USB-C
However, the most noticeable, and potentially most damning… potentially most upsetting… are the four (4) USB-C ports, representing the computer’s ONLY non-wireless connectivity. There are two (2) on each side. While they do provide Thunderbolt 3 connectivity through what is supposed to be just as a universal connector as the USB-A connector, USB-C is really still relatively new (two (2) years or less) and while GAINING acceptance, the “U” in its universalness hasn’t really taken hold yet. I think it will be at least another 18 to 24 months before you see any and all remaining port connectors on notebooks (especially) and desktop form factors (that survive) disappear in favor of USB-C.

Unfortunately, the transition away from other ports – or the inclusion of other ports – happened WAY too early on the MacBook Pro. When this transition is in full swing… when that happens or begins to take shape, THEN I think you can safely move to an all USB-C configuration. Right now, the MacBook Pro is in dire need of other native port connectors, including one to two (1-2) USB-A connectors and at least one Thunderbolt 2/ Mini Display Port connector. (I’ll get to the SD card slot in a sec…). The lack of a transitory set of connectors forces a few very aggravating conclusions

  1. The new MacBook Pro isn’t meant for “me”
    This is the more serious of the two, and it may be a very relevant and accurate question – who is this computer REALLY meant for? Its costs are upwards of $500 to $1500 MORE than previous models, so the cost would suggest a more professional user demographic. However, based on hardware limitations, connectivity and peripheral issues, etc., a more consumer based or casual user would appear to be targeted. Until Apple can really clarify this for us with either marketing material or other hardware configurations, the LATE 2016 MacBook Pro may be something that many pass on, despite it being the “fastest selling MBP ever.”If you’re interested in a similar point of view, The Verge has a very interesting take on this.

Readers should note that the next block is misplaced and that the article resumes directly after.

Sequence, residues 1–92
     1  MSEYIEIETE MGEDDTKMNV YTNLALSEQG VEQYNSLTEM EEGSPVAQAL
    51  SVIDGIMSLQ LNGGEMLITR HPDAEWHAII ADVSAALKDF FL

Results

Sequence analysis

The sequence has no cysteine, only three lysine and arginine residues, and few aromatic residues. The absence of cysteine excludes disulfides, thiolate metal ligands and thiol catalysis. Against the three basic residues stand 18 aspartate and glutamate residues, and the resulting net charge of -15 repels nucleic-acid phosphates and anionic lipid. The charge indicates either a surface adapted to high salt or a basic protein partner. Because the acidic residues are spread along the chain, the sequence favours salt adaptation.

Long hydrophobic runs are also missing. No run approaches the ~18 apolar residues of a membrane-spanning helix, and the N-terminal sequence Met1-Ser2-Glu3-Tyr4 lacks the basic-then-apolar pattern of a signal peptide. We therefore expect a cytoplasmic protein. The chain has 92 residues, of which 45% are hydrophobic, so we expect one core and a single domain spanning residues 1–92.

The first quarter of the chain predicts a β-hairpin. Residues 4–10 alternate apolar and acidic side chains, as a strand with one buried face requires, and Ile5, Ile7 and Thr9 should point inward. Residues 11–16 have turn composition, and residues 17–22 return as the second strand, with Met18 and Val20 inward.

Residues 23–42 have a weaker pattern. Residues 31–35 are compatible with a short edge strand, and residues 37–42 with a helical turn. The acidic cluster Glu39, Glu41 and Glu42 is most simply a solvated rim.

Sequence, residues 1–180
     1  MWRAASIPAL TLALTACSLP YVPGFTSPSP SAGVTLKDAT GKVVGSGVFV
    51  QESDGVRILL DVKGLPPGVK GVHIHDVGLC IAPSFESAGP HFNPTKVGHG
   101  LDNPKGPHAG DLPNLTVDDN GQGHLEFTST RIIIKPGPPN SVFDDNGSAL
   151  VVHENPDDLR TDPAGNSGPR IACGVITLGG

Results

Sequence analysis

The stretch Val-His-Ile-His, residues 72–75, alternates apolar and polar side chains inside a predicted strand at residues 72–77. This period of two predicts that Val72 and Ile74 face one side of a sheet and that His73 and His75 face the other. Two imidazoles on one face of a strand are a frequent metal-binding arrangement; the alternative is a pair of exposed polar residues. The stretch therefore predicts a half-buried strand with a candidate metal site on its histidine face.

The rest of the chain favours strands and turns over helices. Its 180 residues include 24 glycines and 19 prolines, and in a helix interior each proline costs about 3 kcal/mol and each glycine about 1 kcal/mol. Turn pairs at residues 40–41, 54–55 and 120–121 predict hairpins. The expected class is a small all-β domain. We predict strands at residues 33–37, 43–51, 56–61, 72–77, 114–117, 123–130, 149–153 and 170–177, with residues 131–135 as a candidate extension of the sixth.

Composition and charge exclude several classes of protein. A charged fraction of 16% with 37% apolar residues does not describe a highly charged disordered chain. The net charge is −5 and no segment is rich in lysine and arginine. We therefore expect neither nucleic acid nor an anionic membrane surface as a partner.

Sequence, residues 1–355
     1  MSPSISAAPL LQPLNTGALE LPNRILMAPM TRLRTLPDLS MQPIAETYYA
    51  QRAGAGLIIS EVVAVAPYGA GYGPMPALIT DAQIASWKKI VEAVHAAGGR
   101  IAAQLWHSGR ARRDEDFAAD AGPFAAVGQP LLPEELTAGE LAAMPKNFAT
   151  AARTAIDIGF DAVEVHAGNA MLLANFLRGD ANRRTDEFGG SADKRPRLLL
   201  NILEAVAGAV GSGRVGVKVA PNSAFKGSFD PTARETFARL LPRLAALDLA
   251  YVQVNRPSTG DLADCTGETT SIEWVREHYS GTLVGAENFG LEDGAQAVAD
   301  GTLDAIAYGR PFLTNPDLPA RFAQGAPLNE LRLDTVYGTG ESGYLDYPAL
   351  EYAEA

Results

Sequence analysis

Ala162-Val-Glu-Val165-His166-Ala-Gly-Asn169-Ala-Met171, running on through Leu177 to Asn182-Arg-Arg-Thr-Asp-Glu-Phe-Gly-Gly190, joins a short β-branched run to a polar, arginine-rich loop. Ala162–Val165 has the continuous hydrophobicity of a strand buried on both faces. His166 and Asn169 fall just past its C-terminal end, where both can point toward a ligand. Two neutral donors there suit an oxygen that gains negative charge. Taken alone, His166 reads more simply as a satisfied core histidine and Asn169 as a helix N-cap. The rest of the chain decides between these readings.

2. If I buy it, I’m going to need to buy dongles for all of my peripherals

Get used to this; at least for this (and perhaps) the next hardware revision of the MacBook Pro. If you have ANY Thunderbolt peripherals, you’re likely going to consider, but pass on replacing them any time soon. Thunderbolt peripherals are expensive. Getting rid of them before they’re useful life is over isn’t an option. Carrying dongles or new/ extra cables for everything is NOT what I want to do with a new computer, and especially one that I’m ALREADY paying a premium for. When I have to add an average of $1000 MORE for that premium, I’m not happy with the choice OR the results.

MagSafe 2
This 10 year plus old savior of not only your REALLY expensive computer, but your premium priced power brick is now gone. I know that before this, my daughters MacBook G4 got tossed all over the living room when someone tripped on the cord. With the advent of MagSafe and MagSafe 2 many the life of a premium priced laptop had been saved. It’s gone now in favor of USB-C.

All of the issues we had with charging prior to MagSafe and MagSafe 2 are now back after a 10 year hiatus.

Gee… thanks a lot Apple.

If you think that my computing habits have changed enough to forego this from happening or if my family of seven has reduced in number any, then you’re sadly mistaken. I need this more than ever, and is going to be a huge factor in determining if I move to a newer MacBook Pro in the future, or if I decide to just stay where I am and try to hold out as long as I can.